T-3 Blog

Why do certain brands not take counterfeiting seriously? *

An area of diversification for us is on-the-ground intelligence and evidence gathering for Brand Protection and Anti-Counterfeiting departments for brand owners big and small.

Firstly, a huge well done to those brands that are highly proactive in this field, taking the fight to counterfeiters. But why are some companies lackadaisical in their efforts? Often aware of infringements but unwilling to take action. (One particular watch brand comes to mind which is widely available to anyone after a fake version.)

Lack of perspective. It is a corporate world we operate in, everything centres around cost when it comes down to the crunch.

Almost every article researched online prior to writing this blog has ‘Loss of sales’ or words to that affect, high up on the reasons list for employing brand protective services. Comparing numbers of items seized against your products in sales figures. If you imagine yourself sitting on the other side of the table, someone is trying to convince you to open your budget because fake watches being sold (at one hundredth of the retail price of your product) is going to cost you more money in lost sales than the on-going cost of stopping that from happening. It wouldn’t take the winner of The Apprentice to work out that the consumer buying a £100 watch from a market stall is not a serious buyer for the real £10,000 version…so the target market is not the same and you’re not losing out on a buyer in the same way a fake football shirt for £20 would suffice over the £60 version.

And so, the loss of sales argument (for some brands) falls flat on its watch face. Or does it?

Immeasurable outcomes of damaging brand image & the authors experience with the Burberry scarf.

Whilst in secondary school during my teenage years, pupils always looked for ways to stand out and show off. There were not many ways to do that given everyone wore a uniform but a popular way in the winter months was by wearing a branded scarf… and what better way to stand out than an iconic Burberry tartan scarf. They rose in popularity in my school, and fast, which was followed by a wave of pupils wearing fake versions. High demand and desirability are often followed by counterfeiting.

In turn, I decided against wearing one to school, but not only did I perhaps cause a ‘loss of sales’ to Burberry (I wouldn’t buy a fake and didn’t pester my parents for a real one!) but I actually began to perceive the scarf wearers in a negative way because most of them had fakes. The famous pattern became commonplace and ‘chavy’. In turn, when it came to my friendship group wearing branded clothing as a status symbol, nobody would wear Burberry anything for fear of the ‘chavy’ associated scarfs. So, I can count at least five polo tops that never got worn to the cinema, on a date or ever! And as silly as that may be, the damaging cost to their brand back then was immeasurable. Even now in current times as a watch enthusiast, there are certain brands I would never invest my money in due to the volume of fakes having an off-putting effect. It takes the edge off having something special if you see someone else with the same but tacky looking version.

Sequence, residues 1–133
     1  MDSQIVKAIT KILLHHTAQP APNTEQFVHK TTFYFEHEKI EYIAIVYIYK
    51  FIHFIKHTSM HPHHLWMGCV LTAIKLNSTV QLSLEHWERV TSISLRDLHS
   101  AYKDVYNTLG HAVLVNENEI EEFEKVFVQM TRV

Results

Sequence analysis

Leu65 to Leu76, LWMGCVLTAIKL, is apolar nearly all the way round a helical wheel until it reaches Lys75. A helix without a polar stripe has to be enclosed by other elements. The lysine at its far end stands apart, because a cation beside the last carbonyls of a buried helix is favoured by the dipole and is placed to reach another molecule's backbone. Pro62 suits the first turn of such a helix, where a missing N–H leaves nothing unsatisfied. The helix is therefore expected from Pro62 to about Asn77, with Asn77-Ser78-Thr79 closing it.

Burberry has outlived the damaging effect that counterfeits had back then, now taking the fight to counterfeiters to stop history repeating, but other brands continue to unwittingly turn their nose up at (or just undervalue) Brand Protection & Anti-Counterfeiting.


What about Corporate Responsibility?

It is not just down to Trading Standards to protect consumers from unknowingly purchasing a counterfeit gas camping cooker that has by-passed necessary safety tests. Luxury brands snubbing responsibility for consumer safety is not too hard to justify, consumers buying such goods are almost certainly aware they’re buying replica items with a ‘sorry mate, no returns’ type policy. It is not all just consumer protection though, one would hope that brand owners that have high risk products, would understand that fake versions of their products will inevitably generate revenue for counterfeiters. Counterfeiting has been linked to criminal activity and serious organised crime. Even if you are certain you won’t lose sales, you don’t care or disagree if your brand image will be damaged, what about if the desirability of your product is helping counterfeiters make money without paying tax and the profits are funding criminal activity and even global terrorism?

Why not play your part in policing your brand? If you really want to know why a brand owner is not taking protection seriously then, you will have to ask them, given all the reasons we at Tier-3 certainly don’t know!

If you’re heading up Brand Protection at your company or the rightsholder for a brand having issues, however big or small, get in touch today and see how we can help your investigation, to gain the crucial evidence you need. We also offer risk assessments if counterfeiting is something you have not yet thought of.


*(Generally speaking, luxury goods, such as watches, jewellery, and clothing. It is impossible not to be taken seriously when public safety is a concern, such as pharmaceutical counterfeiting, government organisations should be involved, but that’s a whole different blog altogether.)